Osteoarthritis (OA) is a progressive, degenerative disease of the joints. It is one of the most common chronic diseases that affect dogs. By some estimates, 20% of dogs of all ages are affected by OA.
What causes OA in dogs?
The causes of OA in dogs are many and varied. There may be genetic causes or predispositions. There may be a traumatic injury. Overweight and obesity contribute to OA by way of repetitive overloading of the joints, leading to damage over time.
One common OA management tool is nutraceuticals for joint health.
Regardless of the specific causes of a particular dog’s OA, the goal is long-term, lifetime management rather than a cure. A comprehensive, multimodal management approach to OA allows your veterinarian to target specific aspects of OA. By choosing several targets rather than a single focus for treatment, therapies complement one another, creating a superior outcome. One common OA management tool is the addition of nutraceuticals for joint support.
What are nutraceuticals?
The word “nutraceutical” combines the words “nutrition” and “pharmaceutical.” A nutraceutical is a food or food product that reportedly provides health and/or medical benefits. Nutraceuticals are often presented as compounds that can provide protection against chronic disease. Nutraceuticals may contain isolated nutrients, dietary supplements, or herbal products. Another definition of a nutraceutical is a fortified food or dietary supplement that provides health benefits.
Your veterinarian can help you choose nutraceuticals that have been evaluated and have yielded positive effects in dogs.
Nutraceuticals are not subjected to the same testing and regulation as pharmaceuticals. For this reason, healthy skepticism is a good idea when considering nutraceuticals for your dog. Investigators are conducting clinical studies to evaluate the role of certain nutraceuticals to help dogs with OA. Your veterinarian can help you choose nutraceuticals that have been evaluated and have yielded positive effects.
What are some nutraceuticals I might consider to help my dog with OA?
Several nutraceuticals have shown positive results for managing OA. If your dog is a good candidate for any of these nutraceuticals, your veterinarian can help you make a good choice regarding manufacturer, dosage, and formulation.
Omega 3 Fatty Acids
One important strategy for interrupting the progression of OA is to choose a nutritional profile that has been evaluated in clinical trials to help dogs with OA. Good joint-support diets are rich in the omega-3 fatty acid EPA (eicosapentaenoic acid), which helps control joint inflammation and blocks the enzymes that break down cartilage. Research shows that high levels of EPA help to stop cartilage from degenerating. EPA can also be delivered as a supplement, either in liquid or capsule form. There are several reputable manufacturers of omega-3 fatty acids for pets.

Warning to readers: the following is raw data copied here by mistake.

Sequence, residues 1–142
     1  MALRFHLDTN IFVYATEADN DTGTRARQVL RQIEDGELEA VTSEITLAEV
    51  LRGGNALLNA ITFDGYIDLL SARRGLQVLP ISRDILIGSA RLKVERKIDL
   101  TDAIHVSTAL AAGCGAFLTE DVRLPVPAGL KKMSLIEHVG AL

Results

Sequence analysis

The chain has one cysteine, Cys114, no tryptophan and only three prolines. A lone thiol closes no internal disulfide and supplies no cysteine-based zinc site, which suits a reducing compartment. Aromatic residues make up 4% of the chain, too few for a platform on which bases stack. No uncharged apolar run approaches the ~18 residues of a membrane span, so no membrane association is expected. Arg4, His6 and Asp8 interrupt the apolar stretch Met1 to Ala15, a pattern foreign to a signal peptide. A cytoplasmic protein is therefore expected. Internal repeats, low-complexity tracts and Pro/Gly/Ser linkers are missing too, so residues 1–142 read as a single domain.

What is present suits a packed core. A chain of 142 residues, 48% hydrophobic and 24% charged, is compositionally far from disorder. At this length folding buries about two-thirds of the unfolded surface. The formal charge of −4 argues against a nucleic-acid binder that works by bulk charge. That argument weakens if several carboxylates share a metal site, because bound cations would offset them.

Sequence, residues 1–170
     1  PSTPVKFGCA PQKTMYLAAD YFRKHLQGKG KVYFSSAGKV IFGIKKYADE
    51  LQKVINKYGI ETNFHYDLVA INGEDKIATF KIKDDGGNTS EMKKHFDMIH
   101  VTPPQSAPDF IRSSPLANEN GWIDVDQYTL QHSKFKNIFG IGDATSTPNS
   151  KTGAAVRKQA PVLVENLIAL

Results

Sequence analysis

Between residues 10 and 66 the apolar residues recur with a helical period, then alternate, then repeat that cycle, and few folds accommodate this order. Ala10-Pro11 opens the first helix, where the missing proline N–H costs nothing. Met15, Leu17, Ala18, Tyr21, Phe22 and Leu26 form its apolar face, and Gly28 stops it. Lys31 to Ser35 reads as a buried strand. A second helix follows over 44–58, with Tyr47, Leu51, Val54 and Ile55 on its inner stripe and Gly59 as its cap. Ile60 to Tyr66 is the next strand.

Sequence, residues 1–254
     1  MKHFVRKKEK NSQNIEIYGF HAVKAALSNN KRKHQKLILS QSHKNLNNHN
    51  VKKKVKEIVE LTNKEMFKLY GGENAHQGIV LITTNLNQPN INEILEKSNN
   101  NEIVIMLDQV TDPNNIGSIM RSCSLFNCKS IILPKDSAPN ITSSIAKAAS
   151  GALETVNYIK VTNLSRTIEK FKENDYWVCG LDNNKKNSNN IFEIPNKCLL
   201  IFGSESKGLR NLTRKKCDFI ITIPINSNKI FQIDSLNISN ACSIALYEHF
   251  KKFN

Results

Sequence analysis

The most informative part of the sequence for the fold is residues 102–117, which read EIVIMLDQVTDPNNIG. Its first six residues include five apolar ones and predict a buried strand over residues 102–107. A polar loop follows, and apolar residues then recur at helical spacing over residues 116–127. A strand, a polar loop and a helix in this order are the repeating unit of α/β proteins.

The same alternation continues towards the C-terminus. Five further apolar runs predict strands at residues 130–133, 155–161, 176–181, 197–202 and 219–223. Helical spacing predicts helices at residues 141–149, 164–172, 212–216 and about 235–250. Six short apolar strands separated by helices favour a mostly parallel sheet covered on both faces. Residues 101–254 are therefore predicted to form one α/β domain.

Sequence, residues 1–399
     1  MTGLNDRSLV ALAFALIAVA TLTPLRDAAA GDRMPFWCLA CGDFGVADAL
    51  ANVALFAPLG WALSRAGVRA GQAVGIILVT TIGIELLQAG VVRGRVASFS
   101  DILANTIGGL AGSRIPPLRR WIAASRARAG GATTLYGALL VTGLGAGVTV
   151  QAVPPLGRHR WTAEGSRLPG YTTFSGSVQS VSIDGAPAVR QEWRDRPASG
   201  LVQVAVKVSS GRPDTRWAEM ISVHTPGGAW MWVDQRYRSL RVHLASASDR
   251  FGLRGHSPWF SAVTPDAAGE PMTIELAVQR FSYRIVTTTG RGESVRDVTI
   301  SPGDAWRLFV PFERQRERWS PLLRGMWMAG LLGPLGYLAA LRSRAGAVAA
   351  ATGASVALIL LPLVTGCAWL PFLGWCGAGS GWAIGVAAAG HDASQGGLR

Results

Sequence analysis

Findings from human studies suggest that omega-3 fatty acids may provide benefits beyond joint support; however, more research needs to be performed to determine if the same benefits may apply to dogs.
Microlactin is a milk protein extracted from the milk of cows that inhibits inflammation regardless of the cause of that inflammation. Research supports the use of microlactin in dogs with osteoarthritis. OA has an inflammatory component, which is why nonsteroidal anti-inflammatory drugs (NSAIDs) play such an important role in managing OA. Microlactin works differently in the body than NSAIDs and corticosteroids do, with no evidence of gastrointestinal (GI) irritation.
Incorporating microlactin into an OA multimodal management plan may help counteract the inflammation of OA while decreasing the side effects that are common with NSAIDs, allowing your veterinarian to decrease or even discontinue the use of an NSAID. It takes about 2 weeks for microlactin to have maximal effects, so veterinarians generally overlap microlactin and the NSAID for 2 to 3 weeks before decreasing the NSAID dose.
Despite the popularity of glucosamine/chondroitin supplements, we are still waiting for good research to support definitive benefits. That said, low-molecular-weight chondroitin appears to have a positive effect in some dogs. Unfortunately, we cannot yet predict which individuals will benefit from this supplement. It may be worth considering a trial treatment using a supplement with low-molecular-weight chondroitin.
ASU stands for “avocado and soybean unsaponifiables” and is an extract from avocado and soybean oils. ASU seems to complement the effects of glucosamine and low-molecular-weight chondroitin. It appears to reduce inflammation involved in cartilage degeneration and thus has a positive effect in canine OA patients.
Can I just pick up nutraceuticals/supplements for my dog at the health store or human pharmacy?
Your veterinarian is your best partner when choosing the most appropriate nutritional profile and supplements for your dog with OA.
Despite the explosion of interest and research in the role of nutrition and nutraceuticals in pets, our understanding of these complex factors and relationships is still in its infancy. The preliminary science of nutraceutical use in dogs with OA is very exciting, but we need to be careful to “follow the data” as much as possible. Your veterinarian is your best partner when choosing the most appropriate nutritional profile and supplements for your dog with OA and can recommend where to purchase them.